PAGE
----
The Home Guard always had something a little absurd about it. Made up mostly of men too old or unfit, it trained with inadequate equipment for an invasion that never happened. It was only a matter of time before it became comedy material, and Dad’s Army was the long-running show that did it. Set in a fictional coastal town and led by the local bank manager, the show followed the exploits of the local Home Guard troop. It found humor in the perennial class differences of the British, as well as in the low status of the patriotic volunteer, unpaid troops. Occasionally they really did encounter the enemy, perhaps as a parachuting pilot, but their night-time antics brought smiles into British homes during the difficult years of the 1970s.
- Nine series, totaling 80 episodes, aired between 1968 and 1977
- Based on the real Home Guard of WWII
- Starred Arthur Lowe as Captain Mainwaring, John Le Mesurier as Sergeant Arthur Wilson, and Clive Dunn as Lance Corporal Jack Jones
- Placed 4th in a BBC poll for ‘Britain’s Best Sitcom’
- Used authentic wartime popular songs as background
A Short Biography
Of the more than 3 million British soldiers who were alive when the war ended, perhaps only 100,000 or more are still living, yet the myth that Britain won the war single-handedly seems to have grown as the number of veterans has shrunk. With the British inclination towards parody, that doesn’t mean that all the memories have to be respectful. While the war heroes in movies of the 1950s were young and brave, Dad’s Army was not. This comedy portrayal of the real Home Guard became a massively popular TV show for almost a decade through the late 60s and 70s, which was a time of general irreverence in British society. The bumbling and ridiculous members of the troop, led by the pompous but patriotic Captain George Mainwaring, kept everyone in stitches. No one seemed to ask how, with soldiers such as these, the country could have won any war at all.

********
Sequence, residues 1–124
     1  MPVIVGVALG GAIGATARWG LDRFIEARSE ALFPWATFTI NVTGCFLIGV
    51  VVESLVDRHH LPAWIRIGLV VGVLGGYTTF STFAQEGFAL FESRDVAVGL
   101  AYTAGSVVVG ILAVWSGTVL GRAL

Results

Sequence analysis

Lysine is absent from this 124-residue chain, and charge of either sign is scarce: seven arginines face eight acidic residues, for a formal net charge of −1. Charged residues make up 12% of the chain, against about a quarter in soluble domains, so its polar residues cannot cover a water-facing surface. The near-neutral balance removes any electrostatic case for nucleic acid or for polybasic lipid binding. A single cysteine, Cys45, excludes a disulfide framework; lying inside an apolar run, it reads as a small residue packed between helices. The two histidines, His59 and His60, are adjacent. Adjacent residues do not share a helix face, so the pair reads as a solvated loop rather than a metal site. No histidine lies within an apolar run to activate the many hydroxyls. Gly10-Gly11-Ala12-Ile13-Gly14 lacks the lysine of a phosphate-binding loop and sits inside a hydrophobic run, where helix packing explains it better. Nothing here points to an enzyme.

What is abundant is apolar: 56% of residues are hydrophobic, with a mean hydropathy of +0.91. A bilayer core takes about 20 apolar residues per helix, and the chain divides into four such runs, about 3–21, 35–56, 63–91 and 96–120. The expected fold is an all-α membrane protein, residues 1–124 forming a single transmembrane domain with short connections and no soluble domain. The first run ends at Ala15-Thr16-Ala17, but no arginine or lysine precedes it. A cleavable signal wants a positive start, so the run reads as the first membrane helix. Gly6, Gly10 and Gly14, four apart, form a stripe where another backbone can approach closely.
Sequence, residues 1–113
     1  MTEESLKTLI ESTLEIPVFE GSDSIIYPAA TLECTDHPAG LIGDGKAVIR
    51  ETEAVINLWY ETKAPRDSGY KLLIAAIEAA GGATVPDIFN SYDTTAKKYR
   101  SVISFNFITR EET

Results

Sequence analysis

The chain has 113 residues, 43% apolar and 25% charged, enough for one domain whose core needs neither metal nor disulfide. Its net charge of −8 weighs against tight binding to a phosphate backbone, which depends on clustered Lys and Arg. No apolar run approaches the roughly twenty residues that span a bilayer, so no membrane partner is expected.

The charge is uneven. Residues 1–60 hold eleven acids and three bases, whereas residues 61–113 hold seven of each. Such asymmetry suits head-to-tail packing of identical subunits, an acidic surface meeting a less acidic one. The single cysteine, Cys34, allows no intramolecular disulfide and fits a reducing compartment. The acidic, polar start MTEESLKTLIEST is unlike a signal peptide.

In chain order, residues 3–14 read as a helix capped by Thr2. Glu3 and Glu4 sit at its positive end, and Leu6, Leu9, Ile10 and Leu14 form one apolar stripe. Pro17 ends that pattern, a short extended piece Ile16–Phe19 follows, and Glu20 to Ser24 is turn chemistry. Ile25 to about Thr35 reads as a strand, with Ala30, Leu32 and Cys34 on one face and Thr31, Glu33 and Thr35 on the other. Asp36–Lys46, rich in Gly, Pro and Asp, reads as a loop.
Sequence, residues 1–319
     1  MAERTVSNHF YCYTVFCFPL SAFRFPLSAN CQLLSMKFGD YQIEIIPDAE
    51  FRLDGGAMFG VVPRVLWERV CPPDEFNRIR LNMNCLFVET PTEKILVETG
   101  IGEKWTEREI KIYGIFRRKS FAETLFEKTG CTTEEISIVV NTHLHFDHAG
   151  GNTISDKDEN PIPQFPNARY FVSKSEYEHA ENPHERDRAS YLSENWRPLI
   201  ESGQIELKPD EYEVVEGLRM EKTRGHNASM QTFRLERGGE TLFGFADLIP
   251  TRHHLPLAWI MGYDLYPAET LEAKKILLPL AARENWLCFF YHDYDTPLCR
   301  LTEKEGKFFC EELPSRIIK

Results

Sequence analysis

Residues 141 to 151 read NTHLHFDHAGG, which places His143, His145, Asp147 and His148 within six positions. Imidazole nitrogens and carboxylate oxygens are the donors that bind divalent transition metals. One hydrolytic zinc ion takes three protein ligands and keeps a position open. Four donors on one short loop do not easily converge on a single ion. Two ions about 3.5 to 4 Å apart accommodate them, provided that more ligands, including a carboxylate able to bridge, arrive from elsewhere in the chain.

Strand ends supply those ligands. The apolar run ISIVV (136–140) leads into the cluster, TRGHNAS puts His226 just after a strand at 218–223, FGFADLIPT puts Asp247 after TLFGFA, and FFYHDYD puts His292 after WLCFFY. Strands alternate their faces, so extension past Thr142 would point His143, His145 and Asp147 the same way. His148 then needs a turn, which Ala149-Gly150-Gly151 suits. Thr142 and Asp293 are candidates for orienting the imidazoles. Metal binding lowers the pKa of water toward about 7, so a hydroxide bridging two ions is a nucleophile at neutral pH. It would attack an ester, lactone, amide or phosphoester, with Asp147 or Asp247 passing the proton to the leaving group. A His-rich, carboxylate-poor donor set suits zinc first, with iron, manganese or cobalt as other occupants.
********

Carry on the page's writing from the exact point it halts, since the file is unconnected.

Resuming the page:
The Home Guard was an important, but largely forgotten, element in the British war effort. It was made up of men too old (or young) to join the ‘Regulars’ (between 18 and 41), exempt because they had important day jobs, or were unfit. At its peak, there were 1.5 million volunteers in the force, whose main purpose was to act in the event of a German invasion, which was a genuine fear at the time. They were to control the panicking civilians, keep routes open for the regular troops, and give some resistance to allow regulars time to reach battle points. Since the invasion never came, they spent their nights on exercises, helping to run the underground bomb shelters, and patrolling to enforce the blackout – homes were not allowed to show lights, which could guide bombers in an age before radar. This motley group, drawn from all social classes, and reflecting different generations, was a comedy gold mine for a skilled writer. The scriptwriter James Perry had plenty of real-life experience to draw on in creating Dad’s Army, because he had been a member of it.
Dad’s Army is set in Walmington-on-Sea, a fictional town on the English Channel, and thus a place where the Nazi invasion would have begun. Captain Mainwaring (played by Arthur Lowe) is the local bank manager. He served in the Army of Occupation in Germany after WWI, but to his shame, never saw active duty in that war. Patriotic and brave, he is also pompous as only a privately educated Englishman can be, and he appoints himself leader of the platoon. His sergeant, Arthur Wilson (played by John Le Mesurier), is also his senior clerk in the bank, and despite his public education, he is the wiser of the two. Lance Corporal Jack Jones (played by Clive Dunn) is already in his early 70s and fought for Lord Kitchener in Sudan at the end of the 19th century. The town’s butcher, he is convinced of the greater courage of the British, but he reflects the simultaneous contempt for, and fear of, the German enemy that underpins the show.
Of the four Privates who round out the platoon, Private Frank Pike (played by Ian Lavender) is the youngest. He also works at the bank, and his mother always makes sure he wears a thick scarf, to avoid a cold. The remaining Privates are; James Frazer (John Laurie), a former Royal Navy officer; Charles Godfrey (Arnold Ridley), a retired shop assistant from, appropriately, the Army & Navy Store in London.; and Joe Walker (James Beck), a black market spiv, who left the show after the sixth season. There are also a number of secondary characters. Perhaps the most notable is Mainwaring’s rival, Chief Warden William Hodges (Bill Pertwee), the town’s greengrocer (seller of fruit and vegetables) and head of the local Air Raid Precautions unit. The ARP always made invidious comparisons between their ‘real’ job and the antics of the Home Guard. The vicar of the local church, The Reverend Timothy Farthing (Frank Williams), has to reluctantly share his hall with Mainwaring’s troop, and he and his Vicar are also regular characters in the show.